Impaired smell is the partial or total loss of the sense of smell.
Treating the cause of the problem may correct loss of the sense of smell. Treatment can include:
- Antihistamines (if the condition is related to allergy)
- Changes in medication
- Surgery to correct blockages
- Treatment of other disorders
Avoid using too many nasal decongestants, which can lead to recurring nasal congestion.
If you lose your sense of smell, you may have changes in taste. But, adding highly seasoned foods to your diet can help stimulate the taste sensations that you still have.
Improve your safety at home by using smoke detectors and electric appliances instead of gas ones. You may not be able to smell gas if there is a leak. Or, install equipment that detects the presence of gas fumes in the home.
There is no treatment for loss of smell due to aging.
If you have a loss of smell due to a recent viral upper respiratory infection, be patient. The sense of smell may return to normal without treatment.
Call your health care provider if the loss of smell continues, is getting worse, or if you have other unexplained symptoms.
The doctor will perform a physical exam and ask questions about your medical history and current symptoms. Questions may include:
- Time pattern
- When did this problem develop?
- Have you always had problems with your sense of smell?
- Is the problem getting worse?
- Are all odors affected or only certain types?
- Can you taste food?
- Aggravating factors
- Do you have a cold or other upper respiratory infection?
- Do you have allergies?
- Do you have chronic sinusitis?
- What medications do you take?
- What other symptoms do you have?
The doctor will look at your nose and surrounding structures. Tests that may be performed include:
In some cases, surgery (biopsy) to remove a piece of the cells responsible for smell (olfactory epithelium) may be needed to make a diagnosis.
If the loss of sense of smell is caused by a stuffy nose (nasal congestion), decongestants or antihistamines may be prescribed.
A vaporizer or humidifier may prevent mucus from drying and improve nasal discharge.
Steroid nasal sprays or pills may be recommended.
Vitamin A may be given by mouth or with a shot (injection).
The loss of smell can occur as a result of nasal congestion or blockage of the nose and isn't serious, but it can sometimes be a sign of a nervous system (neurological) condition.
Temporary loss of the sense of smell is common with colds and nasal allergies, such as hay fever (allergic rhinitis). It may occur after a viral illness.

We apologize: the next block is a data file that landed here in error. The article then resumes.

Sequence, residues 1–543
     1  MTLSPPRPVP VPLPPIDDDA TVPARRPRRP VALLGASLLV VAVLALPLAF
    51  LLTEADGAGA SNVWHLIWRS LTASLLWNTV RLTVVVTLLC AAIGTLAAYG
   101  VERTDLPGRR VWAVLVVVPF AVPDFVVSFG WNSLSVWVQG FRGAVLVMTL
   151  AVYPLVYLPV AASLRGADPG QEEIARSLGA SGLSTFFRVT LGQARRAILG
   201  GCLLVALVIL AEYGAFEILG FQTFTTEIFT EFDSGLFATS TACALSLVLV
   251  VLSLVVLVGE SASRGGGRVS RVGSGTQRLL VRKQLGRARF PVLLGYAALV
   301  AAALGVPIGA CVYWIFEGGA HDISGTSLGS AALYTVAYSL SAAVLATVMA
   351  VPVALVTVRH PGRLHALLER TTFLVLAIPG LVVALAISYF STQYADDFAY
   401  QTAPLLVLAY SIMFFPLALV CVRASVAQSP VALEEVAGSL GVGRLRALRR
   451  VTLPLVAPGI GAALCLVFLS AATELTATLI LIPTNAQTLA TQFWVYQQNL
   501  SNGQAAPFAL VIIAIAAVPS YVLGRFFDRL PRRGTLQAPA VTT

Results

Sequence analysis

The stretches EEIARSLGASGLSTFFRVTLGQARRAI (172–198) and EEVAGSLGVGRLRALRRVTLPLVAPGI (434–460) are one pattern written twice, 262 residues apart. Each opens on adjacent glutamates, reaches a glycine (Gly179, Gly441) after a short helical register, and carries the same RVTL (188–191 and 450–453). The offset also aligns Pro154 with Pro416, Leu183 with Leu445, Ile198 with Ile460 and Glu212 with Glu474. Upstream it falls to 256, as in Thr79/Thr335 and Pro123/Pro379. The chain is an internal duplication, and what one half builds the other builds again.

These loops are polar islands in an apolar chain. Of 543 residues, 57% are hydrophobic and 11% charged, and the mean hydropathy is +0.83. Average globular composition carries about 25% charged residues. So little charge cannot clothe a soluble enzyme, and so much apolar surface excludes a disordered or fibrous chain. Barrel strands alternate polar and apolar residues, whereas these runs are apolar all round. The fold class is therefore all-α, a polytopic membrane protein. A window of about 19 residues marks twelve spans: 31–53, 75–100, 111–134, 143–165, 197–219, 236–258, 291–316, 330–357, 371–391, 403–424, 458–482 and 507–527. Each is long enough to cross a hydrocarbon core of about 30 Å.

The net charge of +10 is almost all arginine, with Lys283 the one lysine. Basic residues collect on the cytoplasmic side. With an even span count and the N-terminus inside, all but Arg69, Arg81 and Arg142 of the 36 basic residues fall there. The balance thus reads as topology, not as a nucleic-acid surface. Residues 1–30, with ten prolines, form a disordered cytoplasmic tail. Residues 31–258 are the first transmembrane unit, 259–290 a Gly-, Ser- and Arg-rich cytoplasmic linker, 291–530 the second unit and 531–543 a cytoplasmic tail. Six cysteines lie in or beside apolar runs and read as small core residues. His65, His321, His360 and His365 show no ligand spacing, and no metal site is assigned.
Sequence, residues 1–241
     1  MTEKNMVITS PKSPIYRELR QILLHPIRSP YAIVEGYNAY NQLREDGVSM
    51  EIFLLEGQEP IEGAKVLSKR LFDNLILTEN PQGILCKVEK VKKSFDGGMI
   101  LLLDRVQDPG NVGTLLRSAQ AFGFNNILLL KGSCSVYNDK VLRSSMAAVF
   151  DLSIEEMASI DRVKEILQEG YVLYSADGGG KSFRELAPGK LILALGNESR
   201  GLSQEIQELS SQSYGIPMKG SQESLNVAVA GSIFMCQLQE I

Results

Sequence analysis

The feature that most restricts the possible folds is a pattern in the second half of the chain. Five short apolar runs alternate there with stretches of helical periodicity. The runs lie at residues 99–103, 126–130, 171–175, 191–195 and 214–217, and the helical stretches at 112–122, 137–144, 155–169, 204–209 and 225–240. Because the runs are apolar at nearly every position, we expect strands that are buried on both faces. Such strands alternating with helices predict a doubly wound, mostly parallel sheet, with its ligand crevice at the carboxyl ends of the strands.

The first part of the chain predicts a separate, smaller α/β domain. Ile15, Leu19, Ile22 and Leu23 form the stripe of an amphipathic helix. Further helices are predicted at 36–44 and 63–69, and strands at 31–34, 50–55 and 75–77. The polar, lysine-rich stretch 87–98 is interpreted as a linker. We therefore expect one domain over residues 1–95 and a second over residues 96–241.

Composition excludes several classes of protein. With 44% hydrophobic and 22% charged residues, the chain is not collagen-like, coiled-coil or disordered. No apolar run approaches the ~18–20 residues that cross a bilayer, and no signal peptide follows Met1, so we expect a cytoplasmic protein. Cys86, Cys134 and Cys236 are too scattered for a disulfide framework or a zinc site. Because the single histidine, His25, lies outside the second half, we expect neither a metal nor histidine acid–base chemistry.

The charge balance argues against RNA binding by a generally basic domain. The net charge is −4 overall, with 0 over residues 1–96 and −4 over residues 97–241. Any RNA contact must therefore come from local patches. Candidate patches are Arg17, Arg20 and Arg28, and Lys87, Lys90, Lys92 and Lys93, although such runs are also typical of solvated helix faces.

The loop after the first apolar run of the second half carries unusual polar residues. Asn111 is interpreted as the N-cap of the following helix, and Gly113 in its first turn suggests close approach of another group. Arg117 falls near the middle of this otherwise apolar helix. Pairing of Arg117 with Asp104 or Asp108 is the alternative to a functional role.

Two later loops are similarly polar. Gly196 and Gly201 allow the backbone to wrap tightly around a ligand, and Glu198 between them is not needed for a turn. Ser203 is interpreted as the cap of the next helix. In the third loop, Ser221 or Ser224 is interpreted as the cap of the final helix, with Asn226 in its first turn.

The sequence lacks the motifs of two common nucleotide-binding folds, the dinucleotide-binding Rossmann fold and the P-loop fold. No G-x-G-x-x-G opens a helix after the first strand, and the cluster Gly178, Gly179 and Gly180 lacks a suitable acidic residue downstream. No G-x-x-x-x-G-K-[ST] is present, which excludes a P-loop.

Some loss of smell occurs with aging. In most cases, there is no obvious or immediate cause, and there is no treatment.
The sense of smell is often lost with disorders that prevent air from reaching the part of the nose where smell receptors are located (the cribriform plate, located high in the nose). These disorders may include nasal polyps, nasal septal deformities, and nasal tumors.
Other disorders that may cause a loss of the sense of smell include:
- Disorders of the endocrine system
- Head trauma
- Nervous disorders
- Nutritional disorders
- Tumors of the head or brain
Many medications may change or decrease the ability to detect odors.
The sense of smell also enhances your ability to taste. Many people who lose their sense of smell also complain of a loss of the sense of taste. Most can still tell between salty, sweet, sour, and bitter tastes, which are sensed on the tongue. They may not be able to tell between other flavors. Some spices (such as pepper) may affect the nerves of the face and may be felt rather than smelled.
Leopold DA, Holbrook EH. Physiology of olfaction. In: Cummings CW, Flint PW, Haughey BH, et al, eds. Otolaryngology: Head & Neck Surgery. 4th ed. Philadelphia, Pa: Mosby Elsevier; 2005:chap 37.
Lafreniere D, Mann N. Anosmia: Loss of smell in the elderly. Otolaryngol Clin North Am. 2009 Feb 1;42(1):123-131.
Review Date: 9/9/2009
Reviewed By: Linda J. Vorvick, MD, Medical Director, MEDEX Northwest Division of Physician Assistant Studies, University of Washington, School of Medicine; Seth Schwartz, MD, MPH, Otolaryngologist, Virginia Mason Medical Center, Seattle, Washington. Also reviewed by David Zieve, MD, MHA, Medical Director, A.D.A.M., Inc.
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